The slower, more physical and more permanent nature of handwriting means you have to consider carefully what you write before committing it to paper.

You’re percolating, assimilating, summarising and rephrasing ideas and concepts as you write. You’re staying laser-focused on the really important stuff.

Remember, goal setting changes your self-identity. So choose your goals wisely, write them down and make them count.

You can absolutely jot down your goals on a piece of paper and stick it up on the fridge, which is what I did for years. Or you can use this free goal setting worksheet that I made up a few years ago.


use brain science to reach your goals

Writing goals is all very well and fun, but the magic only happens when we take action.

We’ve got to put in the work.

And that’s where our game plan comes into play.

There are two things you need to know to totally rock your action plan and ensure you reach your goals. You need to know:

  1. How to reverse engineer your goals
  2. How to work out the right positive action steps (because negative ones don’t work)

To reverse engineer your goals, you take your end goal and work out the smaller milestones along the way to reaching your goal.

For example, if your end goal is to save $5,000 for a holiday, then you need to save $416 a month or $90 a week to reach your goal.

Saving $90 a week seems more manageable than finding a spare $5,000, right?

Here’s what our reverse engineered goal would look like (it doesn’t include interest, consider the interest a bonus):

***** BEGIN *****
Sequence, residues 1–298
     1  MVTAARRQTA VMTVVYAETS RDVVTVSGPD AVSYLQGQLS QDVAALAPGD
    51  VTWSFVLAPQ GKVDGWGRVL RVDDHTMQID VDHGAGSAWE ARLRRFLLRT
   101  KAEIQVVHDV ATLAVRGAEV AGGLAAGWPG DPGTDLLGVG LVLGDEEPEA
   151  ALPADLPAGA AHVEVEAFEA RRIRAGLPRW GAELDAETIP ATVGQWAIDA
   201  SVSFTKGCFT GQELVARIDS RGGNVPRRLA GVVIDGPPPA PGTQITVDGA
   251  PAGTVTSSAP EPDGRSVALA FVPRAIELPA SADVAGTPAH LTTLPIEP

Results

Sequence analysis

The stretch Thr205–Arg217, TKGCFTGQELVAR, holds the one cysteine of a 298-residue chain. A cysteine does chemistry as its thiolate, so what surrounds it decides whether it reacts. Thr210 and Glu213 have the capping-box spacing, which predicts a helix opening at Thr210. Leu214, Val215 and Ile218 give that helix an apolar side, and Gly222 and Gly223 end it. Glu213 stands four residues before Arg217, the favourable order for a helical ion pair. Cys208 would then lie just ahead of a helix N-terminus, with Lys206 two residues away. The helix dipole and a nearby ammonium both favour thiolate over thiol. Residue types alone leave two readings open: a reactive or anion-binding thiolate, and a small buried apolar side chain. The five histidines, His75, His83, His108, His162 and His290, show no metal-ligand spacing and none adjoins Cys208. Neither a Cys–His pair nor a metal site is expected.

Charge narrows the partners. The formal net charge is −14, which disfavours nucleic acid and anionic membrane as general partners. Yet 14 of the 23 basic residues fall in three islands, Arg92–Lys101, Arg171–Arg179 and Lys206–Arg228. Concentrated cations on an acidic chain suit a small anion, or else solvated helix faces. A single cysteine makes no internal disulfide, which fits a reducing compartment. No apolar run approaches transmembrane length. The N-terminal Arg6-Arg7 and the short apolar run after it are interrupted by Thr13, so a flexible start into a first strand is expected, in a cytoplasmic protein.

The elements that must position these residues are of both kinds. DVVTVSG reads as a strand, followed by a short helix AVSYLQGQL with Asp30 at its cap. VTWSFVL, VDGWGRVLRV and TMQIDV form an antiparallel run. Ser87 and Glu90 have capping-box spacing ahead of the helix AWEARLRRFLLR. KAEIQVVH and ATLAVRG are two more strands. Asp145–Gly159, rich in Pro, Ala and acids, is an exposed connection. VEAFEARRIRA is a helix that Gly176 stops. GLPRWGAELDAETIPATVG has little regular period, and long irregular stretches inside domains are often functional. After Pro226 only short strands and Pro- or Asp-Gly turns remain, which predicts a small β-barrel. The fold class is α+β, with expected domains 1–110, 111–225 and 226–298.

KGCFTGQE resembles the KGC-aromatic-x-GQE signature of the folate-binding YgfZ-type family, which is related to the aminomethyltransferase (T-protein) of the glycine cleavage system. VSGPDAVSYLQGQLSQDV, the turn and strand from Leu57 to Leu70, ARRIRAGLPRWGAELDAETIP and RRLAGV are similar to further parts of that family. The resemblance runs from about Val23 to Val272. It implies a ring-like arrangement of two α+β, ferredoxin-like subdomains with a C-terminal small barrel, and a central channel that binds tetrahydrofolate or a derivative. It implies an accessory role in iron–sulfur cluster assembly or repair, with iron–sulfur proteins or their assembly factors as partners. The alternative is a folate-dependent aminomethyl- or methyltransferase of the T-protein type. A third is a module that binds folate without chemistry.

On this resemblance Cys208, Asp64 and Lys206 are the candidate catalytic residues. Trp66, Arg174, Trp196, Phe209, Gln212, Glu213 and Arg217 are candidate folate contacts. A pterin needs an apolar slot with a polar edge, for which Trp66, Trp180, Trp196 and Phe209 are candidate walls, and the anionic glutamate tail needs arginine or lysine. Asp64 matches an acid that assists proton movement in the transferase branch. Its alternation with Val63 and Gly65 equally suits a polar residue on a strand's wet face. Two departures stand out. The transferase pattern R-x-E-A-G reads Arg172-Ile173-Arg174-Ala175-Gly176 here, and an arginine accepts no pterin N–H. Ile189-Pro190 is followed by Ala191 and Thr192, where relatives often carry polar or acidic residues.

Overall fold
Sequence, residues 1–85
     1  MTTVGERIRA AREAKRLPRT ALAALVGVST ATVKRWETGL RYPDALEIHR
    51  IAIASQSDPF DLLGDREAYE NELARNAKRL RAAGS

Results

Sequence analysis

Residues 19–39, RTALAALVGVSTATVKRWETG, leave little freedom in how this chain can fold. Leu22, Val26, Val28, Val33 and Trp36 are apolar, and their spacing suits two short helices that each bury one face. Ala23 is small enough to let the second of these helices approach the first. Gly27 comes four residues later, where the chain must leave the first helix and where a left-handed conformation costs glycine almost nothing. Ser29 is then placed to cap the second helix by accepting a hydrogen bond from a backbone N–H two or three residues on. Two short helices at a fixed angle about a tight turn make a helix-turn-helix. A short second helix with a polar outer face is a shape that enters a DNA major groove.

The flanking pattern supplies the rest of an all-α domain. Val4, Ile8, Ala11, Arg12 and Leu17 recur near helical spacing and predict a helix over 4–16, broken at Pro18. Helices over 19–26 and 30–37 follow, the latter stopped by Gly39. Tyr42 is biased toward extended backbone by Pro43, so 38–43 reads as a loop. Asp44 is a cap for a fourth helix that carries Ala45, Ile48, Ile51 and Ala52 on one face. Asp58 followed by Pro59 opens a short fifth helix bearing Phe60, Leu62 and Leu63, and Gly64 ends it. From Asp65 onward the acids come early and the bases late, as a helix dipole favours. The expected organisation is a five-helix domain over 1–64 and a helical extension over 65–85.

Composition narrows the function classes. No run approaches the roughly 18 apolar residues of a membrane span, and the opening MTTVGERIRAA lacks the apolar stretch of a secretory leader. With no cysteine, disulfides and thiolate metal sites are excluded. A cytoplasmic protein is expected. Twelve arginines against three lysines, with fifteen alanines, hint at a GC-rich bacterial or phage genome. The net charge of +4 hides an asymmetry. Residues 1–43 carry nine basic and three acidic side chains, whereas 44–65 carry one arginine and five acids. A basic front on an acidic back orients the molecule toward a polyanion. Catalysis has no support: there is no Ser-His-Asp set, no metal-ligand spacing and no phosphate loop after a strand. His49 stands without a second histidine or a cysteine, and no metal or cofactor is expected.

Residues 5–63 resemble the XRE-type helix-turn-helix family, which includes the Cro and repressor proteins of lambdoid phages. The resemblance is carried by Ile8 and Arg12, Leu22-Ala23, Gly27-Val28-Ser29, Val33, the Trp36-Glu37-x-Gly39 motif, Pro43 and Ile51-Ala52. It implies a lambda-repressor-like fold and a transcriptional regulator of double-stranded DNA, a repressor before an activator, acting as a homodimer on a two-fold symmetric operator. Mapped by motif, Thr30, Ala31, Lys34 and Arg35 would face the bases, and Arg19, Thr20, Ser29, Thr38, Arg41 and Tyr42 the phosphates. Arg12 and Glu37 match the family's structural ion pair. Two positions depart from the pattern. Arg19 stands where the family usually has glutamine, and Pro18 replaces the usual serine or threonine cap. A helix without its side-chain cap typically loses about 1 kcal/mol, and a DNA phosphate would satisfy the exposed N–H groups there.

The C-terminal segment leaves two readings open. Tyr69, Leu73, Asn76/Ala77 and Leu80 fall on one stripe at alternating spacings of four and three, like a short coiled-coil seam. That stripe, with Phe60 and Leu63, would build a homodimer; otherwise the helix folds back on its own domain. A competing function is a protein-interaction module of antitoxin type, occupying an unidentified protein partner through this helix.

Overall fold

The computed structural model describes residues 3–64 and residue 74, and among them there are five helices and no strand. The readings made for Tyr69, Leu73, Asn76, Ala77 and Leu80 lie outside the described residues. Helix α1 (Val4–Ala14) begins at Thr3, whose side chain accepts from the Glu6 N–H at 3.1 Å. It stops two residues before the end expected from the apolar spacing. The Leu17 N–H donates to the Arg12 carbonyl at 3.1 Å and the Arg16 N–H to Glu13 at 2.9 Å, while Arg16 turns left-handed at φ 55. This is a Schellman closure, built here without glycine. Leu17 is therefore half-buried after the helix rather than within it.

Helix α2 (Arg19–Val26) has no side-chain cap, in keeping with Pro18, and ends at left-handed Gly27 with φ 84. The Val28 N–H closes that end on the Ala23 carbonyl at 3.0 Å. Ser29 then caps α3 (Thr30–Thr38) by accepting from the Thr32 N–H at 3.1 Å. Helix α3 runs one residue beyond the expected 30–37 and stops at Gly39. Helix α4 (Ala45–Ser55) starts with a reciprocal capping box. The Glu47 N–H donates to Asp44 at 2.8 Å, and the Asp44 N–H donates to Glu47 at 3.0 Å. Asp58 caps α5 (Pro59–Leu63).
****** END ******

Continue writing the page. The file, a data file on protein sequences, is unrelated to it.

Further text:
Savings Table

If your goal is to lose 8 kilos this year, that’s just 660 grams a month. Totally realistic and doable.

Notice how these goals are specific, measurable, achievable and timely (only you can decide whether your goal is relevant or not).

Once you’ve reverse engineered your goal, you need to work out exactly what positive actions you’re going to take to reach that smaller target.

Here’s a bad example of an action step:

‘I’m not going to buy lunches at work to save money’ .

The problem here is you’re avoiding an action rather than taking an action. And you will fail the first time you feel hungry at work.

Here’s a better action step:

‘I’m going to cook a little extra dinner and pack up the leftovers as soon as dinner is cooked so there’s an easy lunch in the fridge to grab in the morning.’

This is a positive action that you can take and it solves the problem of ‘what am I going to eat for lunch?’ ensuring you to actually save money.

But let’s back up the train a little.

Every one of our daily actions addresses a problem. For example:

Problem: I’m hungry at work, I buy food and can’t save.

Deeper problem: I eat out at work because mornings are hectic and there’s nothing to take to work for lunch.

See how our leftovers solution gets at the real problem here.

To reach our goals, we can’t just take any old positive action. We need to identify our underlying problems or motivations and take the right positive action that addresses those problems in a better way than we’ve been doing previously.

Here’s another example:

Positive action step: to lose 660 grams a month, I need to do 30 minutes of exercise a day.

Problem: I’m busy, when am I going to find the time?

Deeper problem: how am I going to find the motivation to prioritise self-care and time for me?